No (relatively) old angry suffering sulking people like me. Quiet, optimistic, smiling, self-assured young bastards, smoking a cigarette in a pleasant surroundings and saying something like “You lied that my cigarette harms others. You failed. I smoke. My friends smoke. And we know you are a liar”.
    Or: “Fighting smokers is been de-normalized, far as I’m concerned, as of today”.
    The trick is that every such video should have a different text, and one… title, shall we say – like “de-normalize you”. Or it may be a name of the movement. Or “you harassed smokers, you failed”. Generally I think that “you failed” could be a good starting slogan.
    I’d love to ask a Russian hacker who meddles in US elections to start inserting such clips into anything thinkable, the problem is nobody was meddling there. But hackers do exist.
    That kind of clips could provide a start for a movement, with a general feeling that members are self-assured people, known and unknown, who are not ashamed of smoking, but proud of it. Other ideas about what to do may come later.
    And I don’t like the idea of Gandhi-style self-sacrifice, in pubs or anywhere. Only desperate people do it. We are not desperate, we know we’ll win.

    • Frank Davis says:

      It would help if there were lots of self-assured young bastards. But for the most part we’ve only got self-assured old bastards (like me).

      But I’m not sure it matters. Old people have the wisdom that (is supposed to) comes with age. They have a lifetime’s experience. Their words have greater weight.

      As for the name. That will come in its own time, like everything else.

      • Joe L. says:

        Old people have the wisdom that (is supposed to) comes with age. They have a lifetime’s experience. Their words have greater weight.

        Not to mention that older smokers are themselves living counter-evidence to the Antismoking hysteria that ‘smoking will almost certainly cause death at an early age.’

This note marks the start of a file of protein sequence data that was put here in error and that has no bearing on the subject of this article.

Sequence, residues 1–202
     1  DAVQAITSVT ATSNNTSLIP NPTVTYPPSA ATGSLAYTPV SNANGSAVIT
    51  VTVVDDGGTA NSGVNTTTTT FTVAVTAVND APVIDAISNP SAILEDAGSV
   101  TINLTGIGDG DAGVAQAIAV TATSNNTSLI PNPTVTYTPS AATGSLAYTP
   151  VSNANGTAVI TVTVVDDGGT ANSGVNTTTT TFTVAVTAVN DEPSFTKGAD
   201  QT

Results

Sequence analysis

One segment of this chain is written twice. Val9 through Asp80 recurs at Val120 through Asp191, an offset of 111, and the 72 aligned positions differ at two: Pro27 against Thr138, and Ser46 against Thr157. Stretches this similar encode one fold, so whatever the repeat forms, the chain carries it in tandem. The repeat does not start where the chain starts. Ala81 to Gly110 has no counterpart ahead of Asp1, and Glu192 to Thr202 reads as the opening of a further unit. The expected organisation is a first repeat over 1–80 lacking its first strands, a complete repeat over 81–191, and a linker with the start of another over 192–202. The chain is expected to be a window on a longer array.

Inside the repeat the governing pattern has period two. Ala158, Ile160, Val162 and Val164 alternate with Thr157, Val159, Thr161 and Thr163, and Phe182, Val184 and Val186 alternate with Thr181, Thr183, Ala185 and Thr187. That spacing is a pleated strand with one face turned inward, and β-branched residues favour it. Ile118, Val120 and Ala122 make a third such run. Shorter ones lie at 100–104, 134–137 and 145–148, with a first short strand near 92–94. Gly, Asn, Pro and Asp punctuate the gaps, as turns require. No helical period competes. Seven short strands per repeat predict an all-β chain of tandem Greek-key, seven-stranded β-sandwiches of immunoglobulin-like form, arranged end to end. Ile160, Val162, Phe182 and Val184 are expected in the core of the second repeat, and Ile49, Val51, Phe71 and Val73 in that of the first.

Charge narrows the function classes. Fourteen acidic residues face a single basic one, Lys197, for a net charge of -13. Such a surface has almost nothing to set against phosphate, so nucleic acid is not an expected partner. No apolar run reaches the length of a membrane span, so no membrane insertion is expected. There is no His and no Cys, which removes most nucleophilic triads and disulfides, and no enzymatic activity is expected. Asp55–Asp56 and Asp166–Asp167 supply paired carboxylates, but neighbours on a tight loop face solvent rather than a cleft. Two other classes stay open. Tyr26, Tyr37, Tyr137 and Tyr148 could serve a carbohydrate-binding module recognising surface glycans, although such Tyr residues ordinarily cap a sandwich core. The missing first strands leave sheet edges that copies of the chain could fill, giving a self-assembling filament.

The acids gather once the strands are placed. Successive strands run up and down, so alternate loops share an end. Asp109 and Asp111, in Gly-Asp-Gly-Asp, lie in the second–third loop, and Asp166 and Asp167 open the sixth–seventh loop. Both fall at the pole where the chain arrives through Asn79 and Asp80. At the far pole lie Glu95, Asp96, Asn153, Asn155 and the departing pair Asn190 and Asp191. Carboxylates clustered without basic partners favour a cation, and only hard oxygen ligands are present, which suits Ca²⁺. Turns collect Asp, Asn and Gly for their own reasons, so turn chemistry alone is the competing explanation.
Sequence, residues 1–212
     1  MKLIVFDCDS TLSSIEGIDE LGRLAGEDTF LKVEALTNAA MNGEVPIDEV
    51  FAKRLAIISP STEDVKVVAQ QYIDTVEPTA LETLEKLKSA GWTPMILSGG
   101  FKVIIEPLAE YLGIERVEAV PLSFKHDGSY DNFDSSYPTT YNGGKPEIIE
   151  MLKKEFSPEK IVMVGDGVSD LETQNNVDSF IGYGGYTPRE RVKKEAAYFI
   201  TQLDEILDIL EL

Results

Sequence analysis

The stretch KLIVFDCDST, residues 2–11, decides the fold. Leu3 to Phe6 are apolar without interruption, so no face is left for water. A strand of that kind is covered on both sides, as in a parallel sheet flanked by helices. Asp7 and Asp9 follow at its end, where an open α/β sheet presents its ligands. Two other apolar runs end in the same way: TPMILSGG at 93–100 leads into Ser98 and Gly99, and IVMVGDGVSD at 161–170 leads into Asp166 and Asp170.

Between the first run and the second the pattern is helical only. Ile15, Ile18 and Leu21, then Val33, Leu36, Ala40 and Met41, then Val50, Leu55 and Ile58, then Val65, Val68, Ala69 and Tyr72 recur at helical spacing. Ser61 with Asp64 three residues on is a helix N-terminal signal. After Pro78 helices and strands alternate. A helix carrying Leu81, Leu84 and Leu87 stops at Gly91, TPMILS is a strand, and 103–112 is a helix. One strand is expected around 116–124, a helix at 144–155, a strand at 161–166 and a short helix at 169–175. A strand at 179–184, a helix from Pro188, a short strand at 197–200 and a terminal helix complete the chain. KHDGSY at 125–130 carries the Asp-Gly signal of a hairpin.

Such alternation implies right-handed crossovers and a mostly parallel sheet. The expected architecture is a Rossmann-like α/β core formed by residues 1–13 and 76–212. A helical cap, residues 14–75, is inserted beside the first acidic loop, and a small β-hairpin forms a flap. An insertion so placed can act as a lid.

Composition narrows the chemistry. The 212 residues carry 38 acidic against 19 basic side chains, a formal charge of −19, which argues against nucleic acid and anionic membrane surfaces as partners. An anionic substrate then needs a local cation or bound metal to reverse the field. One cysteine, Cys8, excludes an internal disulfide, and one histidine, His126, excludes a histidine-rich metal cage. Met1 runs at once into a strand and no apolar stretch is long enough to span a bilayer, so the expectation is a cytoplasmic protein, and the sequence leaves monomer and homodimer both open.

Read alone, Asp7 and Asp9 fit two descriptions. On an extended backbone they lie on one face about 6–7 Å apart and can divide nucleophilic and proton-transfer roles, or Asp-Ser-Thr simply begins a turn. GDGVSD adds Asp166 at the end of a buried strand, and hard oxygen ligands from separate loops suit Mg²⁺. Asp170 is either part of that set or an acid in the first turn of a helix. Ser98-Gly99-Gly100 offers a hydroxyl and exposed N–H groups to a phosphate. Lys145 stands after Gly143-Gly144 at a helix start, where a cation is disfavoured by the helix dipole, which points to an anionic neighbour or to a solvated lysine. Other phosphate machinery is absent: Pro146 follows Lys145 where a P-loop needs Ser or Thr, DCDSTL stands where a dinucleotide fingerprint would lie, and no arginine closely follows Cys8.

Otherwise, I think Dmitri’s idea of a series of simple, short, succinct videos (15-30 seconds each) that could go “viral” is a fantastic idea. Antismoking campaigns like “Truth” (that name makes me unbelievably angry — only a campaign of lies would need to name themselves “Truth” in order to gain subconscious credibility) here in the U.S. have had great success with this strategy — why not fight fire with fire (or with smoke, if I may)?

        My 2¢: I think each video should feature a few different smokers from all walks of life (different ages, races, sexes, etc.) each reiterating the same phrase/slogan (each video would feature a different, brief, powerful slogan which is repeated by a handful of smokers) and they would all end with the logo/name of our organization (TBD) and a URL to visit. I believe these videos would help engage those who feel denormalized by showing how wide the new net of discrimination has been cast.

        Also, I think any phrases referring to Antismokers should be in the third person (e.g., “they failed’) rather than in the second-person (“you failed”) because the videos should be directed toward an audience of smokers and compassionate nonsmokers rather than the Antis.

  13. Clicky says:

  14. Pingback: Defeating the Undefeatable | Bolton Smokers Club

  15. waltc says:

    Not to disparage the utility of gnarly old bastards (“so smoking makes you die young, eh?”) who can also wryly comment on the idiocy of the Ants and recall what the world was like back when it was fun, but Dmitri has a point, if it’s only that the young can better convince the young who know only the status quo.

    And that part aside, the young seem to think that new (as is anti-smoking) is always better than old, that Now is better than Then, that the present knows more than the past, that whatever comes later represents progress. Then, too, since I agree with the flash mob idea, it’s most likely to be peopled–at least in the majority–by the twenty-somethings.

    Look forward to seeing your interview

  16. Pingback: Breaking Point | Frank Davis